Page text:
BUSINESS

Yuhan, Gilead sign deal to develop new liver drug

By Lim Jeong-yeo
  • Published : Jan 7, 2019 - 15:55
  • Updated : Jan 7, 2019 - 17:23

South Korea’s healthcare company Yuhan Corporation signed a deal worth over 878 billion won ($785 million) with US’ Gilead Sciences to jointly develop potential new drugs for the treatment of patients with advanced fibrosis due to nonalcoholic fatty liver disease, the company said Monday.

Nonalcoholic steatohepatitis (NASH) is a chronic and progressive liver disease characterized by fat accumulation and inflammation in the liver, which can lead to scarring, or fibrosis, that impairs liver function. Individuals with advanced fibrosis due to NASH, defined as bridging fibrosis or cirrhosis, may face serious consequences, including end-stage liver disease, liver cancer and the need for liver transplantation, and are at a significantly higher risk of liver-related mortality. Existing treatments for NASH patients are limited.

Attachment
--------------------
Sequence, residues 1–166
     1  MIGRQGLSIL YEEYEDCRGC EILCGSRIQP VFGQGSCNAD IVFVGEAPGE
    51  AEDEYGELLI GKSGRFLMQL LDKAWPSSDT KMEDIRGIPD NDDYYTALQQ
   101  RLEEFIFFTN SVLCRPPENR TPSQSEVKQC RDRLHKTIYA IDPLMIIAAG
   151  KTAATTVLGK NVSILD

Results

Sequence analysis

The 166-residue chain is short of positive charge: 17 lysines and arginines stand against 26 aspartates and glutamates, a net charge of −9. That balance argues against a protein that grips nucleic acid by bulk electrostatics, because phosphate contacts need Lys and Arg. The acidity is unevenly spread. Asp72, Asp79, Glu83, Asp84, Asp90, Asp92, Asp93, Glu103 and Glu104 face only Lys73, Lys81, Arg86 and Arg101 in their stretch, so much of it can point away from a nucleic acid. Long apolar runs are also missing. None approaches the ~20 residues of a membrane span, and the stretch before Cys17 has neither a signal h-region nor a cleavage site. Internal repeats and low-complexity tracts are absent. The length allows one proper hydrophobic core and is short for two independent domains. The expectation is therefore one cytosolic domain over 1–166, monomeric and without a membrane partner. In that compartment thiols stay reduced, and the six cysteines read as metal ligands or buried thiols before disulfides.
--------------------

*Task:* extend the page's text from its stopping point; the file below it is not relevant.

Yuhan Corporation's research facility (Yuhan Corporation)


Under the new deal, Yuhan and Gilead will jointly carry out preclinical research to discover new drug candidates that can cure NASH patients. Gilead will be responsible for global clinical development and worldwide commercialization, while Yuhan will be in charge of the affairs in Korea.

With this agreement, Yuhan will receive an upfront payment of 16.8 billion won ($15 million) and an additional 861.8 billion won in potential milestone payments upon achievements of certain developments and commercial milestones, as well as royalties on future net sales.

Yuhan’s share price surged initially after markets opened Monday, trading up 17.73 percent at 259,000 won as of 9:05 a.m. Most of those gains were lost as the day progressed, with shares up 3.64 percent at 228,000 won at market close.

Yuhan is one of the firms invited to present in the three-day J.P. Morgan Healthcare Conference 2019, that took off on Monday in San Francisco, California. In last year’s conference, Yuhan presented its novel clinical-stage therapeutic candidate Lazertinib, used for treatment of patients with non-small cell lung cancer, and later signed a 1.4 trillion won deal with Janssen Biotech in November.

By Lim Jeong-yeo (kaylalim@heraldcorp.com)


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